By Jay Mathews
Monday, December 15, 2008
Most people think textbooks are important. Schools that don't have all of theirs might find themselves accused of dereliction of duty. The Washington Post, for instance, was aghast last year that several thousand D.C. schoolbooks hadn't yet left the warehouse when classes began.
My colleague Michael Alison Chandler underlined this in her story two weeks ago about an effort by some Virginia teachers to break the $8 billion-a-year textbook industry's tight grip on science instruction, which often stops abruptly about the time Albert Einstein published his theory of special relativity in 1905.
The fact that such obsolescence is tolerated shows how much faith we put in textbooks. So does our acceptance of the difficulty most students have reading through a standard textbook without falling asleep. Reid Saaris, founder of the D.C.-based Equal Opportunity Schools Organization, remembers teaching 12th-grade history in Beaufort, S.C., with a particularly tedious required text. The few seniors who chose his class usually did so for inappropriate reasons. One year, five boys showed up, gave Saaris disappointed looks and said they had enrolled only "because of the hot lady who was supposed to be teaching the class."
"Obviously, there is a lot of money in textbooks, because the publishers push them hard," said Mark Dodge, a physics teacher at the H-B Woodlawn program, a public high school in Arlington County. He doesn't like the fact that every seven years or so the textbook salespeople start promoting a new version. "A teacher who relies heavily on a textbook has to entirely revamp his or her course when a new adoption occurs," he said. "It really takes two or three years to do that well. By the time you really get it polished, you begin closing in on a new adoption cycle. I think most experienced teachers go through that trap once and then move away from heavy dependence on textbooks."
Mike Grill, a history teacher at Wakefield High School in Arlington, said his textbooks keep his lessons aligned with the Advanced Placement curriculum, but he adds primary source documents, journal articles and other original materials as often as he can. "It's no secret that most students loathe their textbooks, so I've learned that the more textbook breaks I provide, the easier it is for them to come back to the textbook and get something out of the textbook reading," Grill said.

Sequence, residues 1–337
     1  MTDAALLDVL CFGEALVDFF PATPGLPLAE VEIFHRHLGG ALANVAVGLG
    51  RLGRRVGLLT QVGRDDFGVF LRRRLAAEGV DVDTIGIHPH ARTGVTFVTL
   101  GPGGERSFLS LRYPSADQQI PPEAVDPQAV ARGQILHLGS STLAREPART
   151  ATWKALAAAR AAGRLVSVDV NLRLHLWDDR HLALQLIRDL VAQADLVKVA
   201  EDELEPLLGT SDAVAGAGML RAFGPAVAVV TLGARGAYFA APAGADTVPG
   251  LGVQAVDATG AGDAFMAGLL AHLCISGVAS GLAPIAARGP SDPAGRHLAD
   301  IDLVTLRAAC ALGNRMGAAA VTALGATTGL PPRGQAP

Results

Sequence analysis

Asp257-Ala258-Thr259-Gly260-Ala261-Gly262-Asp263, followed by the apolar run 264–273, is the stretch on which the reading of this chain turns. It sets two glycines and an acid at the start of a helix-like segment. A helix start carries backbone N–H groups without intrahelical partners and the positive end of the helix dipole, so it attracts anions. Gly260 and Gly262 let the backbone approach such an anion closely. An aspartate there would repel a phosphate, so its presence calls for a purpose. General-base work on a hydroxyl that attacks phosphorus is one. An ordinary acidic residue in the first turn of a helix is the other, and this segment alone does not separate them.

In the classrooms I visit, it is often a good sign that the textbooks are stacked on a corner bookshelf or window sill, gathering dust. The best teachers have an ongoing conversation with their class, calling on every student, challenging sloth, praising fresh ideas, moving the group beyond the text, which covers only the state's or the school's curricular requirements. "In some instances, I have completely avoided using the textbooks because they presented information in such small, bite-sized chunks that it was actually confusing for the students," said Toby Harkleroad, who taught social studies theology at DeMatha Catholic High School in Hyattsville and is now principal of St. Camillus School in Silver Spring.
My favorite teacher, Al Ladendorff of Hillsdale High in San Mateo, Calif., used our U.S. history text like a bull's-eye on a firing range. He had us identify factual distortions and analytical flaws in the thick tome the state had chosen for us. I never got over the realization that textbooks, presented as revealed truth all those years in school up until then, sometimes had as many mistakes and wrong-headed assumptions as my own term papers.
Textbooks still make good dictionaries, with glossaries at the back. They also reassure parents, who don't get to see teachers in action but are comforted, in a perverse way, that their kids' schoolbooks seem just as dry and predictable as theirs were. But like the newspapers that have been my life, textbooks are creeping slowly toward obsolescence. Jay Diskey, executive director of the school division of the Association of American Publishers, said his companies are moving into "Web sites, podcasts, electronic books, software, courseware, online tutoring tips, educational games, video products" and many other ways to learn.
Big books have failed to hold the attention of teenagers leafing through the pages with music blasting in their earbuds and text messages filling their cellphone screens. Facts and ideas, in my experience, are more likely to sink in if introduced in group exercises, exploiting the adolescent urge to belong. Teachers have their classes organize book clubs, recreate the Constitutional Convention, raise animals, write and perform plays, publish online magazines.
The Virginia teachers in Chandler's story are leaping beyond the textbook industry by writing their own chapters in biophysics, nanotechnology and other emerging fields and posting them online. They will be optional, free supplements to hardbound books.
If teachers can write their own textbooks, why not students? It would make a fine group project, with each kid doing a chapter. Debate the fine points, put them on the Web and pass them around, irresistible preparation for the final exam. Then we might not worry so much if the 800-page doorstops don't show up on time next year.